Before I begin, I must say I enjoyed your last book Inscription, Diagnosis, Deception and the Mental Health Industry: How Psy Governs Us All. I read passages of the book to a lady from my church. She has been a chemistry teacher for years. Fiercely independent, stoic and extremely gentle, she is now showing signs of forgetfulness.
She often confuses events and forgets events. Reading through the book, she revealed to me that she was ‘locked away for being mad’ by her abusive husband and put on strong psychiatric medication. She describes this as a horrific experience, as the medication played havoc with her mind and body.
I remember her once telling me she still has nightmares of that time and suffered many adverse effects for years. Your book, she claims, helped put things in perspective by talking about experiences she thought were unique to her. For over a year now she has mentioned how free she feels being able to speak about her experiences.
Her only criticism was that the she could not understand some of the technical terms such as Psy complex.
You have recently, in conversation with me, challenged my use of the terms ‘mental’ and ‘health’. Could you please elaborate on this further.
The term “mental” is a weasel word. It can mean anything. It is often used in a derogatory sense, as in “That’s just mental” or as praise for someone doing something brave and risky, as in “What a mental outfit.” It is frequently used to describe invisible workings of something called “the mind.” Who knows what “the mind” is – philosophers have been discussing it for a century but you can’t pin it down. So, what happens is people become “experts” in “mental” health; something that means whatever they want it to.
Of course “mental health” is most often used as an expression to describe its counterpart – mental illness. Suddenly we have a whole area open to “expert” interpretation. “Health” is a buzz word. People are told to be “healthy”, given advice on “healthy lifestyles, diet,” and so on. They are being sold several things simultaneously – the idea that health is good, products to increase health and, by implication, the notion they are bad people to be doing unhealthy things. Try living on a dangerous housing estate without eating adulterated food or drinking loads of cheap booze.
You challenge assumptions most people think are benign. What would you say to those who point out that mental illness is biological and therefore real?
If “mental” is a construction then “mental illness” can’t be real. Suffering is real, hurt is real, acting in ways that hurt yourself or ones who you love and love you are all real. All of these things are, to an extent, biological as we are biological beings, but what defines them as “illness” is the fact people can’t stand these things, especially people we live with or doctors trained to see suffering rather than survival.
We often have readers who point out that medication and ECT have been good for them, and that the critical psychology outlook fails to take their perspectives into consideration. How would you respond to those concerns?
Let us assume a percentage of people say medication helps. So what? Millions have been rendered slaves to medication or permanently harmed by drugs or ECT. How many deaths and how much harm justifies so called psychiatric treatment?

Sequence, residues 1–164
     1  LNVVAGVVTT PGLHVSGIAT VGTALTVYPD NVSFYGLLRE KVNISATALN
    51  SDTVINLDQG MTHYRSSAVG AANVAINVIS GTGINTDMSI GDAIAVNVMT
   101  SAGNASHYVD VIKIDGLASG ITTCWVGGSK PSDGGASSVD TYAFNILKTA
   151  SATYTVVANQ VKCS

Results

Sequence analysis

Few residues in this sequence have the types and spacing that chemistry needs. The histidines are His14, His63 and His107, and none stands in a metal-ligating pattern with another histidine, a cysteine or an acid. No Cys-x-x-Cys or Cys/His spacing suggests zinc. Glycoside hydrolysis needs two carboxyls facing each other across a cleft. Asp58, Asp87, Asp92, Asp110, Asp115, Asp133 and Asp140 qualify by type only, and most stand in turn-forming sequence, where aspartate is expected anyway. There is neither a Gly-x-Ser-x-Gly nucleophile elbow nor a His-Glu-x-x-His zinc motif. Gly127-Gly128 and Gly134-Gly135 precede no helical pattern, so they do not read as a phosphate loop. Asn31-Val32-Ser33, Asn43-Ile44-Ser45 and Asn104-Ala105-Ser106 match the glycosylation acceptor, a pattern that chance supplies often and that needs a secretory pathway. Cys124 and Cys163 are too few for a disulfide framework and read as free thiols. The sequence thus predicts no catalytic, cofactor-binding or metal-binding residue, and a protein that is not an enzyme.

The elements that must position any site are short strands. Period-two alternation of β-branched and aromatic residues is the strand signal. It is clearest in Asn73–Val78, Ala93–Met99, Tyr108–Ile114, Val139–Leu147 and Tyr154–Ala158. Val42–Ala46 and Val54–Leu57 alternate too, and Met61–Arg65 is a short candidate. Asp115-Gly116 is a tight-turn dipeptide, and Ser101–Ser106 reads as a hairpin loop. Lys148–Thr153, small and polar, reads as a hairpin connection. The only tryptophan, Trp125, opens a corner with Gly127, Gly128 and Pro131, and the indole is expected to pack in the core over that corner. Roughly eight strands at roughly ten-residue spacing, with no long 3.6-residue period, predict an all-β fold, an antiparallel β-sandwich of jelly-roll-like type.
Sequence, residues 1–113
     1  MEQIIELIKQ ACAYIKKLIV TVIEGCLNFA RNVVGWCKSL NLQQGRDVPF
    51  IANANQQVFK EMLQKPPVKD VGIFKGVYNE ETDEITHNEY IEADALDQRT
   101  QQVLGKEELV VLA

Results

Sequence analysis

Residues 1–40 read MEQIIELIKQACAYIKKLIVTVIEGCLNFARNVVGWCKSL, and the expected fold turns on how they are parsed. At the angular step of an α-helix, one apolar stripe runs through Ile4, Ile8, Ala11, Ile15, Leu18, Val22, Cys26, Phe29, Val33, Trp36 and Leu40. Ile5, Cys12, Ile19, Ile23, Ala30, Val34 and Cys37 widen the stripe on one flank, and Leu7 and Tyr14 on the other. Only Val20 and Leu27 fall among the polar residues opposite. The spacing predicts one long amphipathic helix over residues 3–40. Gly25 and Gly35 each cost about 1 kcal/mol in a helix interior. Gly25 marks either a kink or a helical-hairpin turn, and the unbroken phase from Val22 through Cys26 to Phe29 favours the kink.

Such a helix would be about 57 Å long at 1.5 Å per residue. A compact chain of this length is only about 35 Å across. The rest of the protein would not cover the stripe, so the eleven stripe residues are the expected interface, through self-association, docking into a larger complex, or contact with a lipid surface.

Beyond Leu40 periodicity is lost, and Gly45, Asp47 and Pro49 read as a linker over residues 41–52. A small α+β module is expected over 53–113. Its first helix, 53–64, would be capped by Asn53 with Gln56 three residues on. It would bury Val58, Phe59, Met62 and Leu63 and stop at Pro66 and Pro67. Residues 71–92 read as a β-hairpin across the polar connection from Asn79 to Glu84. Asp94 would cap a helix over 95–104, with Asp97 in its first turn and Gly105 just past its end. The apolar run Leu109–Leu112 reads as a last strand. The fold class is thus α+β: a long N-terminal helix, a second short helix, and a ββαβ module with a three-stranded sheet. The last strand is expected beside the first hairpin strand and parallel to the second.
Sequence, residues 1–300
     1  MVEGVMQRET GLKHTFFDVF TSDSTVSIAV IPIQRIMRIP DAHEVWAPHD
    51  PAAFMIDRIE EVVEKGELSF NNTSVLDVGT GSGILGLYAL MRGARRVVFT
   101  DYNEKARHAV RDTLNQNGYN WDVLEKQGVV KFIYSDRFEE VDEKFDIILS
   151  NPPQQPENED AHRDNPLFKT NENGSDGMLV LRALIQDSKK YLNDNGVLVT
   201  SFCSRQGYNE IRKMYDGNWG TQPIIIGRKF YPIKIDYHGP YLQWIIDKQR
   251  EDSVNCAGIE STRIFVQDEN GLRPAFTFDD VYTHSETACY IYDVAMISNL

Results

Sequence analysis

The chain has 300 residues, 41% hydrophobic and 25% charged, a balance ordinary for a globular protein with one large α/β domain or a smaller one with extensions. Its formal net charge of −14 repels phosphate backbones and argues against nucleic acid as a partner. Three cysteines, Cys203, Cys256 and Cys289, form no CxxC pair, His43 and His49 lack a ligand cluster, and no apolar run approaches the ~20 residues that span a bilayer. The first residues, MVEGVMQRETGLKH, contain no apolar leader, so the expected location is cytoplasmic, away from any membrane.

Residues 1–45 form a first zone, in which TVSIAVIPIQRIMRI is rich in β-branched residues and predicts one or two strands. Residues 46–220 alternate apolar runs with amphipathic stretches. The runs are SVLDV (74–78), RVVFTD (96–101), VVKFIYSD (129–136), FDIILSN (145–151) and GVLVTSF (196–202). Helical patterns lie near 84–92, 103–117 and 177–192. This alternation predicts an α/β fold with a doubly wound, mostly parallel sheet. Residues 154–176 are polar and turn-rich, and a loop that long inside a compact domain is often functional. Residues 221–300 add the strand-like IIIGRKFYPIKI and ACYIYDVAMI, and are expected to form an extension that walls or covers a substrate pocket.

While your writing is primarily based in the UK, what message do you have for those doing similar work in the global south?
It depends where you are. Latin America has a strong liberation psychology tradition. I wouldn’t dream of giving them a message. For those in Australia, India and Africa I would ask them to just stop.
Tell us more about your new book and what should we expect.
The newest edited book is Teaching Critical Psychology: International perspectives, due in September from Routledge. Being ‘critical’ is determined by ‘the market’. This new book could be sold as a universally applicable (‘international’) conventionally authoritative (‘research-based’ and ‘philosophically coherent’) stand-alone product (‘text’) which might be bought to provide the ‘definitive’ answer to the question of what, and how, critical psychology should be taught. Marketing a book that suggests critical teaching is incoherent and impossible in theory and practice is a very different proposition. But, hey, I am not known to take the easy route.
The new collection has authors from around the world who challenge what and how the Psy enterprise teaches, the mechanical nature of contemporary teaching and how critical it is possible to be in the market-driven education system. Contributors question what it might mean to teach or learn, and explore the ways in which so called teaching is dominated by “targets” and “teaching objectives.” Most contemporary teaching seems to be about feeding people into the world of poorly paid jobs that they have to write fancy CVs to get. My dad used to call us all “cannon fodder.” Not far off nowadays.
By the way, the Psy complex is a term for all things connected to the psychology, psychotherapy and psychiatry industries – everything from university students and researchers to drug company reps, counsellors, clinical psychologists and those that make ECT machines. It’s big.
Craig Newnes is a published author whose work has challenged long held beliefs about mental health. He is ex director of an NHS (UK) Department of Psychological Therapies, employing over 80 Psy staff, and ex Chair of the BPS Psychotherapy Section. He is currently the editor of The Journal of Critical Psychology, Counselling and Psychotherapy. His latest book Teaching Critical Psychology -International Perspectives – will be out in September 2017.
Craig will be at the Asylum conference on 28th June and will be leading a workshop. You can contact him on firstname.lastname@example.org .